Dutters Run Falls is the collective term given to a series of waterfalls on the prettiest stream in the Loyalsock State Forest that you’ve never heard of.
Overshadowed by its close neighbor Dry Run Falls, Dutters Run and the six main waterfalls along it are well worth the off-trail effort required to see them.
Despite the fact that the waterfalls on Dutters Run are located within a mile of Dry Run Falls, they are rarely visited.
The first four waterfalls in particular, which require varying degrees of off-trail exertion to reach, seem to remain almost the stuff of legend.
So that is the purpose of this write-up: to give you the information you need to find and explore Dutters Run Falls, as well as an idea of what you can expect to see in the various seasons.
How to Find Dutters Run Falls
- Turn off of Route 87 onto Dry Run Road, just south of Hillsgrove.
Proceed 2 miles on Dry Run Road. Note: this is a “No Winter Maintenance” road!
- Pass Dry Run Falls on your right hand side.
You will pass Dry Run Falls, then look for the Dutters Trail lot on the right hand side of road, next to the guardrails.
- Park in the pull-off just past the guardrails at the “Dutters Trail” sign.
If the spots are full here, you can park back at the Dry Run Falls lot.
Dutters Run Falls FAQ’s
The waterfalls are scattered over a 1 1/4 mile stretch of Dutters Run.
No they are not. For the purposes of this map and write-up I have named them “First Falls” through “Sixth Falls”, with First Falls being the one closest to Dry Run Road.
The first four waterfalls are off-trail, the last two are along the Loyalsock Trail.
Second Falls is the tallest waterfall on Dutters Run at 18 feet tall.
Yes – use GPS coordinates 41.430142, -76.669840 to find the Dutters Trail parking area.
Exploring the Falls
First Falls is located a few hundred yards upstream from Dry Run Road, and seeing it is a simple matter of hiking the stream.
First Falls is 7-8 feet tall.
Getting around it to hike upstream to the next falls seems to be easiest by going up and around on the right side.
As previously mentioned, Second Falls is the tallest waterfall on Dutters Run, at around 18 feet.
This one reminds me an awful lot of Fourth Falls on Miners Run, also located in the Loyalsock State Forest.
As with First Falls, I find it easiest to scramble up and around the right side of Second Falls to proceed upstream.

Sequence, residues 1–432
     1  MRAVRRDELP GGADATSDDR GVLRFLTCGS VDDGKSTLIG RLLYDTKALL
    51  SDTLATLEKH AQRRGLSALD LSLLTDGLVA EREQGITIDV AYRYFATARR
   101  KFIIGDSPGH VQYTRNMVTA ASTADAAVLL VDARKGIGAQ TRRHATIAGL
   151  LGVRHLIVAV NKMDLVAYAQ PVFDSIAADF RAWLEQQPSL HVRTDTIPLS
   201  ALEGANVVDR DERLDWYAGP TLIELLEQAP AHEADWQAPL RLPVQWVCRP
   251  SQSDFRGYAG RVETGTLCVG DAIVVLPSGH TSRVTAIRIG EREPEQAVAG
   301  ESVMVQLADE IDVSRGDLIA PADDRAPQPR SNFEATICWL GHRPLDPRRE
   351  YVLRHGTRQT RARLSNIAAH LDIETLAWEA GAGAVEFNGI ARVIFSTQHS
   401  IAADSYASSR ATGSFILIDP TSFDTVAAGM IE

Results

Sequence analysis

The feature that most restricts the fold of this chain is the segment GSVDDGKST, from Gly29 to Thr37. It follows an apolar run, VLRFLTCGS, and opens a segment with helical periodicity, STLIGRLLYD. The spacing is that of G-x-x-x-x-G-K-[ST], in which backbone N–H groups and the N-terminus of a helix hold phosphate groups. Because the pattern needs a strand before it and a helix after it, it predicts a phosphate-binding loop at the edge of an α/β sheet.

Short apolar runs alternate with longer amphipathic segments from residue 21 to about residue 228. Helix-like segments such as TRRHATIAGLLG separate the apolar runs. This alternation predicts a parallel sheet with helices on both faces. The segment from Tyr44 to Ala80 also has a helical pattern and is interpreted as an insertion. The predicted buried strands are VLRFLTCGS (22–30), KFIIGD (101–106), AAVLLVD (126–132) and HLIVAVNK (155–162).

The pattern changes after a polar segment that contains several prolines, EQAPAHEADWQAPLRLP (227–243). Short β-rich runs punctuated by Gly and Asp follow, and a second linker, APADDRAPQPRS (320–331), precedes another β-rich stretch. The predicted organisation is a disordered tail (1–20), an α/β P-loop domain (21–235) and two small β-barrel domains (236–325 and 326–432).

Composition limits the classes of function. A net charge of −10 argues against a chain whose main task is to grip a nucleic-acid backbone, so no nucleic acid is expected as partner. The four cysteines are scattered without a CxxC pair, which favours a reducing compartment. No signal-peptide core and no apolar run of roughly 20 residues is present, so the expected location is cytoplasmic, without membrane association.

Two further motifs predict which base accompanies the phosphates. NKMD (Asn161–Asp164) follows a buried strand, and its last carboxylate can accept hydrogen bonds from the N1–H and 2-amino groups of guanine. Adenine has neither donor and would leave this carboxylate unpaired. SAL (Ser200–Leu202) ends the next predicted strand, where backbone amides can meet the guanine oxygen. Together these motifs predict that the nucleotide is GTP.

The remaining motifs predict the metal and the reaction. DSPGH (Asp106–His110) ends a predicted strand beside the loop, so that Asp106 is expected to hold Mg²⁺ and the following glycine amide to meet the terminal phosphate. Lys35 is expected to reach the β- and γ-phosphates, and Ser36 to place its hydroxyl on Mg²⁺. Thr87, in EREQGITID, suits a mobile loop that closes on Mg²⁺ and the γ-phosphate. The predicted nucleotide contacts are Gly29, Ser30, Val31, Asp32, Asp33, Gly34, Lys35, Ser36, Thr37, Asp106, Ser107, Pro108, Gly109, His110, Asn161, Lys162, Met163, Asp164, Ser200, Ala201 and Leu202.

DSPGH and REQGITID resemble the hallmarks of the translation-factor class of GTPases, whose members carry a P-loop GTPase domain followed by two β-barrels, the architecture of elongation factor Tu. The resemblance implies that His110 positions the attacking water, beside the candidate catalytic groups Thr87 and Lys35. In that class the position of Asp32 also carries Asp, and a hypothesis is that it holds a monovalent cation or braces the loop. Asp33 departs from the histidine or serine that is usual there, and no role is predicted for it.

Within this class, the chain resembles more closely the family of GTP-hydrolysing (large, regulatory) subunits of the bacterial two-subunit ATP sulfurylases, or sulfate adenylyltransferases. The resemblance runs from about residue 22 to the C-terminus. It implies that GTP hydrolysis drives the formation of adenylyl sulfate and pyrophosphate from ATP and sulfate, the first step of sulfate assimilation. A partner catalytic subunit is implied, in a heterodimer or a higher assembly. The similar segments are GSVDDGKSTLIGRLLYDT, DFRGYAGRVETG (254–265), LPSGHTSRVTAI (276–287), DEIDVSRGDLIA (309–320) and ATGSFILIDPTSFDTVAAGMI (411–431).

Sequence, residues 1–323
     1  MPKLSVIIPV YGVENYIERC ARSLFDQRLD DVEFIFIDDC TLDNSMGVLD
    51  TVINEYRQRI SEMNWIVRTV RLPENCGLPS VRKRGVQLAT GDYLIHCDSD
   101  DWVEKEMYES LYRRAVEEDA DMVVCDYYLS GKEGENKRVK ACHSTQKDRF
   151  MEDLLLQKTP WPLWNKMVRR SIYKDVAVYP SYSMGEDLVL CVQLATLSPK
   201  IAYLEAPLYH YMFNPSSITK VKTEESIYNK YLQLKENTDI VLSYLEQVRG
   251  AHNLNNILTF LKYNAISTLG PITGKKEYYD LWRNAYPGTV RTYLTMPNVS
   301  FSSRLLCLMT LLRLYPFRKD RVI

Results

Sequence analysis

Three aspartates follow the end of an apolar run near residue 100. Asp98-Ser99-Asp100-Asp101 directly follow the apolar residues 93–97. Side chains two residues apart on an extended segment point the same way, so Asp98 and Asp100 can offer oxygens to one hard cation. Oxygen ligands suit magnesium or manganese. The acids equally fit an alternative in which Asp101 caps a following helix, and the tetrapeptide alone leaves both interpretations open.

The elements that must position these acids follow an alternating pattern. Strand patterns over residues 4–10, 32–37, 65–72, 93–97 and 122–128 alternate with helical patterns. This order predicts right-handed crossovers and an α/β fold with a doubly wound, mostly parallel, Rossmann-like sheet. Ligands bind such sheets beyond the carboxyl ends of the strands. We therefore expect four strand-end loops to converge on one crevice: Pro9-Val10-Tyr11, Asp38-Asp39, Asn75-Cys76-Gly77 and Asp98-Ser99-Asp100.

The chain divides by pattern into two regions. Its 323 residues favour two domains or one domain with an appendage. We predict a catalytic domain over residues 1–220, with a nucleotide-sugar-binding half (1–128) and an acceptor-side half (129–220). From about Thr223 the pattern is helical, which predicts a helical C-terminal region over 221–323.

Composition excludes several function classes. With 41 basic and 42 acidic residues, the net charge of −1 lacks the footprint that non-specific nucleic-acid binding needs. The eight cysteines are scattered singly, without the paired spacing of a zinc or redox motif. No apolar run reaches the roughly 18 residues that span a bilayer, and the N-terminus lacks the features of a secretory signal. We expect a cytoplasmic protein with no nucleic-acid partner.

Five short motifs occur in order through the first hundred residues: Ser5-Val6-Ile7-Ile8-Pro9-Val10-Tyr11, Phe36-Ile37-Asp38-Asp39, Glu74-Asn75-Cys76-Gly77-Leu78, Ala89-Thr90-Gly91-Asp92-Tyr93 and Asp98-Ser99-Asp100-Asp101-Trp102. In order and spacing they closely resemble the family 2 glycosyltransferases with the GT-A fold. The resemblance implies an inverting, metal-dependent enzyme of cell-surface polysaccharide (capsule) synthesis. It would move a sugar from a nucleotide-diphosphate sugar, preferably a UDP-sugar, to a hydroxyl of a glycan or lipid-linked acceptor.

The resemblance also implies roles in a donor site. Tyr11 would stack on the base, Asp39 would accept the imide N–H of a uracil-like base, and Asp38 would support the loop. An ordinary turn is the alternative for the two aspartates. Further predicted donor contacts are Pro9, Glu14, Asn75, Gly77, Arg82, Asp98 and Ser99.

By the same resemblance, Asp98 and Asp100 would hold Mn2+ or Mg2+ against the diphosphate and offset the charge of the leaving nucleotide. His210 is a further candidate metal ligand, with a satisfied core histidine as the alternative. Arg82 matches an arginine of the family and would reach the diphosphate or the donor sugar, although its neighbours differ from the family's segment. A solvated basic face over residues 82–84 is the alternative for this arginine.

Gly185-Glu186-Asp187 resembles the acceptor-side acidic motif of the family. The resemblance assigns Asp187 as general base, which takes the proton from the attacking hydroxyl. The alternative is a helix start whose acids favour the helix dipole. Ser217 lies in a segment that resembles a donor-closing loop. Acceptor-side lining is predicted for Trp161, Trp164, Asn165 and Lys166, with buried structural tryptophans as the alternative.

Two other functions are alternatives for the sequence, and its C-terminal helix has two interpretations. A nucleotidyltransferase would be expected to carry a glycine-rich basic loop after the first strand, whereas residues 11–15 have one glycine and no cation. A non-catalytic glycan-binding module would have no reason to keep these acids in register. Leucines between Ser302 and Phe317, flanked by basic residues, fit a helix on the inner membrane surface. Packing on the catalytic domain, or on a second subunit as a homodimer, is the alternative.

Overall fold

Third Falls is my personal favorite of the six main waterfalls on Dutters Run.
While I’m still of the opinion that Ketchum Run Falls is my favorite spot in the Loyalsock State Forest, Third Falls on Dutters Run is right up there.
In my experience, getting around Third Falls is most easily accomplished by going up and around the left side.
Fourth Falls is the shortest of the waterfalls on Dutters Run, at maybe 4 feet tall.
This one reminds me of nearby Rusty Run Falls, also located in the Loyalsock State Forest.
Fourth Falls is the last of the off-trail falls on Dutters Run.
Going up and around this one on the left hand side is easiest route to take.
Just beyond Fourth Falls, you’ll pick up the Loyalsock Trail as it comes in on the left side of Dutters Run.
You’ll follow the Loyalsock Trail to see the last two waterfalls on Dutters Run, making a few wet crossings along the way.
Fifth Falls is the second tallest waterfall on Dutters Run at 10 feet tall.
I call this one “Triple Drop Falls” because of the three distinct plumes of water it almost always displays.
Of course that is not an official name.
About the only time you WON’T see three plumes of water here is when it’s frozen solid.
To get around this one follow the Loyalsock Trail up around the left side.
Sixth Falls is located at the spot where the Loyalsock Trail makes its last wet crossing of Dutters Run before heading uphill away from the stream.
Nestled under the outstretched arms of an evergreen, this idyllic waterfall is a worthy endpoint to your upstream adventure.
Beyond this the terrain levels off and there are no falls of any great significance.
Follow the Loyalsock Trail uphill a few hundred yards to the intersection with Dutters Trail on your right.
Follow Dutters Trail all the way back downhill, parallel to Dutters Run, until you reach your vehicle on Dry Run Road, completing this 2.5 mile loop hike.
Part of that is certainly due to the fact that some off-trail hiking of moderate difficulty is required.
Dutters Run Falls and off-trail hiking isn’t for everyone, but for those with the ambition and experience to pull it off, it’s hike you won’t soon forget!
Still not convinced you need to explore Dutters Run Falls?
Then check out this video!